by Fungai Munetsi
Zimbabwe Chamber of Informal Economy Associations (ZCIEA) is a membership-based organization that has 42 territorial structures around Zimbabwe. The organization educates, represents, empowers, and advocates for informal economy workers and traders’ rights to promote decent living standards for all Zimbabweans in a stable economy. It has more than 278000 across the country.
Givas Maririmba is the current ZCIEA National Treasurer General and is based in Kwekwe. He became a member of the organization during its founding year in 2002. Givas is the eldest son in his family and through the informal trading he is managing to take care of his wife, three children, his mother, his sister and some of his sisters’ children, “ apart from taking care of my wife and children l also take care of my sister’s children here and there if there is a need”. He said he could not have managed to do all this without the guidance and networking from ZCIEA organization.
In a phone interview, Givas revealed that he had high expectations in the new Zimbabwe about the engagement of the informal economy in decision making and the improvement of the film industry. When asked what he does for a living he responded that he is an actor and at the same time a cross border trader. “I am an actor and that is my God-given talent, l produce drama films to sell in the streets and our neighboring country Zambia. Selling discs to Zambia led to my cross border trading business where l could order African print materials for resale in Zimbabwe”.
Mr. Maririmba says he has benefited a lot from ZCIEA including advocacy work for the informal economy. Since he finished school, he never had an opportunity for formal employment. He said he once ran a successful tuckshop business which was suddenly and shockingly destroyed by Operation Murambatsvina in 2005. He added that since then interaction with other ZCIEA members around the country gave him new hope for life and boosted his business of selling African print material.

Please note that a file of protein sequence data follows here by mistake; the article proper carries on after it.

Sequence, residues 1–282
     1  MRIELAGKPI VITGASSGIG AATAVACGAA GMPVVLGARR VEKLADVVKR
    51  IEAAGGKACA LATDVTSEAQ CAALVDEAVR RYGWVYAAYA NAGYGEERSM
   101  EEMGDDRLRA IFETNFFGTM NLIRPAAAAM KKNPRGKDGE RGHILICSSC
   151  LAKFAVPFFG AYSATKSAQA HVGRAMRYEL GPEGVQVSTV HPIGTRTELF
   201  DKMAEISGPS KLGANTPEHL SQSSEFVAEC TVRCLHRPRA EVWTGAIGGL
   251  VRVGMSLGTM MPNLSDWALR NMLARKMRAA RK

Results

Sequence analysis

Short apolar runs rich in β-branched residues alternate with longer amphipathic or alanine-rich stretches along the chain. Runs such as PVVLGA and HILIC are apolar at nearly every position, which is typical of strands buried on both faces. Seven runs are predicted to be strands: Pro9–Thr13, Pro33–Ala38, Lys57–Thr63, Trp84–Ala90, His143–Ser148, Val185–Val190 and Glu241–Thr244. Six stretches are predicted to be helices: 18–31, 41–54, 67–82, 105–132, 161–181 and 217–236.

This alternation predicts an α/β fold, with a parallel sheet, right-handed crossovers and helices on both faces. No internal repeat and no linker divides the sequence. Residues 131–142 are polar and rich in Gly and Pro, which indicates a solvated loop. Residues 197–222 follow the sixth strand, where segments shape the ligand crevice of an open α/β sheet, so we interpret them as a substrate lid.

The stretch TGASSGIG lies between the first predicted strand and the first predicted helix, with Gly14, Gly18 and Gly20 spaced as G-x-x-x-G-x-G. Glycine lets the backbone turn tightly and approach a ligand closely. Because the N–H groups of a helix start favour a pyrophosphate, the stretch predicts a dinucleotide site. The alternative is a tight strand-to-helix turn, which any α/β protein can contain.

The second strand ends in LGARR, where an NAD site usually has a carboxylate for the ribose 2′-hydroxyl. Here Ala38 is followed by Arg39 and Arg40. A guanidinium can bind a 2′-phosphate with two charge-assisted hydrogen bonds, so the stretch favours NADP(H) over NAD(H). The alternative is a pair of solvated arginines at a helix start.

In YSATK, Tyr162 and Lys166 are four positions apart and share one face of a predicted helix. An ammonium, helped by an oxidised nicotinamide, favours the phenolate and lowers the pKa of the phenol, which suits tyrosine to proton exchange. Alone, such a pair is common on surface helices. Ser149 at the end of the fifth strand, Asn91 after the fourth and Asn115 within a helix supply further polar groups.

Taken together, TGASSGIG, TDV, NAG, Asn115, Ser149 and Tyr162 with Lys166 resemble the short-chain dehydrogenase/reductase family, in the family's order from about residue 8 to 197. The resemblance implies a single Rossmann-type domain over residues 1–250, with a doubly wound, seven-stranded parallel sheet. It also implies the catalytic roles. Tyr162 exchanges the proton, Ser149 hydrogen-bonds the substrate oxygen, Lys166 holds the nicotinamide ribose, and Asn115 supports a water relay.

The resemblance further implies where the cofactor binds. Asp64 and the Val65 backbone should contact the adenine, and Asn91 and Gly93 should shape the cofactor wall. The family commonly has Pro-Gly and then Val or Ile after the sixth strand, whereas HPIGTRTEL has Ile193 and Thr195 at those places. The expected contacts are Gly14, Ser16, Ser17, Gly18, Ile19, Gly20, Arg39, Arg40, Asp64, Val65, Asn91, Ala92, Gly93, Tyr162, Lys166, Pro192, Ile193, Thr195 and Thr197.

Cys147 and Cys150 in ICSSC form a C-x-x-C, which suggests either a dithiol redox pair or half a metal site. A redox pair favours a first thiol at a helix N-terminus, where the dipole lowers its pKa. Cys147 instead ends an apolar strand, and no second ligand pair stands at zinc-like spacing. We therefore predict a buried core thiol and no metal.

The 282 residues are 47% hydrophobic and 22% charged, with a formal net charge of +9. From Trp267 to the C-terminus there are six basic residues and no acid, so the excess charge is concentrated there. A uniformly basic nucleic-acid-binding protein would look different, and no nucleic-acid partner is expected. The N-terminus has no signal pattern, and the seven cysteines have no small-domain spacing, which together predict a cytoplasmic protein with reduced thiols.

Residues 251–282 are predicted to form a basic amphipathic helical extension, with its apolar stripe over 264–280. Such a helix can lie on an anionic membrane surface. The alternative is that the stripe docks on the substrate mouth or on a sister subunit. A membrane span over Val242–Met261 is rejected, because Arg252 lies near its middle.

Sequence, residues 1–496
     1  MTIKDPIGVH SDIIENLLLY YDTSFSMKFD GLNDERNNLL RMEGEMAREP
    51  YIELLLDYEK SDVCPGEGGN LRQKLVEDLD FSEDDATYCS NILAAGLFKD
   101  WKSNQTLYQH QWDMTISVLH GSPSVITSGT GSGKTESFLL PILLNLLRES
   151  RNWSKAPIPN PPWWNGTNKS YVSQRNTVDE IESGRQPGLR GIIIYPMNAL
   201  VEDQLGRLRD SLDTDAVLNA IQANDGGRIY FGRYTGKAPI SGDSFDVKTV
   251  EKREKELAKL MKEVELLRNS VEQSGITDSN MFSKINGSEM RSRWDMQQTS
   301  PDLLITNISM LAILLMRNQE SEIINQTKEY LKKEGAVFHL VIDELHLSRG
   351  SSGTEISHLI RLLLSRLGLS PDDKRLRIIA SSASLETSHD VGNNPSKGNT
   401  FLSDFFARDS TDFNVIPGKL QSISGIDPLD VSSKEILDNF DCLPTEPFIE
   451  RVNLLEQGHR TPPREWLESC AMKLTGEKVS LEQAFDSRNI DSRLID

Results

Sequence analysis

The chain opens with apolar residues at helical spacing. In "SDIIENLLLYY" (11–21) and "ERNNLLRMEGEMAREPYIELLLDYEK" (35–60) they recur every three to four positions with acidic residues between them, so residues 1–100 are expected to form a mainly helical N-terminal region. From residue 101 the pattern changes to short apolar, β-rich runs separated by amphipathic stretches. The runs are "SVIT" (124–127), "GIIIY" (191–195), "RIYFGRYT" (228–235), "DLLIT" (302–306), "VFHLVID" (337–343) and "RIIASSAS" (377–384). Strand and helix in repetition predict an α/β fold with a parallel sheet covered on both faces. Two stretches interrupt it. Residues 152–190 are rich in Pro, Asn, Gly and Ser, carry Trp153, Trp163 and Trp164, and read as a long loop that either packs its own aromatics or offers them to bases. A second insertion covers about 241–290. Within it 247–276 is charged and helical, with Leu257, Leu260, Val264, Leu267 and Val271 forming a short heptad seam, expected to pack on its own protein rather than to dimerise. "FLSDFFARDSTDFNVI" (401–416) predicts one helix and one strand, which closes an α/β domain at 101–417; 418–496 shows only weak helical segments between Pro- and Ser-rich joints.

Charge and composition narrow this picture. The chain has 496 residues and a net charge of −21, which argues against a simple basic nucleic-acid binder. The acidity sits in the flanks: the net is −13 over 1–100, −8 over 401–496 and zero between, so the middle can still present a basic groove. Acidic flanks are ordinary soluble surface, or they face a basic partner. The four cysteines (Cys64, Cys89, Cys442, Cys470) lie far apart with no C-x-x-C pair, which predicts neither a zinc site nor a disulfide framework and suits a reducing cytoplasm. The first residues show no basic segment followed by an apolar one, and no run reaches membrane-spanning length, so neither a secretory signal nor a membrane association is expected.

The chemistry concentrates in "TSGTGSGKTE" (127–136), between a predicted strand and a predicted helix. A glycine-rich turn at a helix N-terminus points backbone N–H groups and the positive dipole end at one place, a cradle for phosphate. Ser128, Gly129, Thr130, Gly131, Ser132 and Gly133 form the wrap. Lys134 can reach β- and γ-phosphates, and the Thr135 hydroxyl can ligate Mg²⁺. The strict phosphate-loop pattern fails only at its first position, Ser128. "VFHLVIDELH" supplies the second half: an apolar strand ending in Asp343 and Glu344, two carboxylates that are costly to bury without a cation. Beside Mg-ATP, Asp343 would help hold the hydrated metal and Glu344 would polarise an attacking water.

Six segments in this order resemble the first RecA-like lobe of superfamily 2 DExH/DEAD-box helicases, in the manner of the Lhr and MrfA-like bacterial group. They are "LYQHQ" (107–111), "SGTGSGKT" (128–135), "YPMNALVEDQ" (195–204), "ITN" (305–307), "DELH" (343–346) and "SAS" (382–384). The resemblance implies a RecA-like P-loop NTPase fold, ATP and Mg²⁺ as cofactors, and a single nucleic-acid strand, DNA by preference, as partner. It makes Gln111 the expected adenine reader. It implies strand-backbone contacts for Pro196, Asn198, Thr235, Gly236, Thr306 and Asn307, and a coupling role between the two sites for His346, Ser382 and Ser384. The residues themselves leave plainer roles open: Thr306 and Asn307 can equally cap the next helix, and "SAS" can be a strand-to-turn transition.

The actor has produced several dramas including Hondonga, Bingo, Mombe na Machuma, Boterekwa, Unfaithful mother among others. However, he has cited several challenges arising in the film industry which includes piracy. He says this brings down their business and wish the new government will put stringent laws to deal with this piracy issue. Mr. Maririmba expressed concern over having only one TV station in Zimbabwe which makes it hard for their drama to be broadcasted in the live television. He added that Zimbabwe has a great talent in the film industry but because of lack of resources to broadcast most of them are ailing in poverty. “My major hopes in the film industry is that the government should incorporate or open other TV stations just like Zambia which has 8 TV stations to cater for most of our filmmakers because after producing several films the filmmakers still suffer in abject poverty”
In his cross border business he said that the government should design policies which are conducive in doing smart business without corruption. He said this citing challenges that they face at the border when trying to bring in their orders, “at the border, they do not allow you to cross if you have more than four items of the same product which forces some people to resort to bribes”.
Mr. Maririmba suggested that if the government consult the affected people, that is, the one in the informal sector will come up with policies that will enable both the government and the informal sector to work with each other in peace and development. This has always been said by ZCIEA leaders on the social dialogue with local authorities where they call for the inclusion of informal workers in discussions that concerns them. This is where the theme #NothingForUsWithoutUs came from.
Mr. Maririmba is one of the informal economy traders that have been hit hard by the ongoing national lockdown. Mr. Maririmba, like many informal economy traders, was caught off guard by the national lockdown meant to curb the spread of the Covid-19 pandemic. Informal economy traders’ structures in Kwekwe were demolished and now they are struggling to feed themselves and their families. Mr. Maririmba urged the local authorities and government to consult informal economy workers and traders and
relevant stakeholders before making a decision that affects them.
“Informal Economy is now the Economy in Zimbabwe, that is where the majority of workers are, destroying their livelihood source is not the best decision. Instead, the government should create a conducive working environment to promote formalization of the informal economy”, said Mr. Maririmba There is an urgent need for governments to establish fool-proof,
corruption-free, realistic and sustainable social protection safety nets for
informal economy workers to preserve their human dignity during these
tough times. Such measures should not only be put in place to combat the
effects of COVID-19 but for the sustainable future as the world works towards formalization of the informal economy and elimination of violence and harassment in the world of work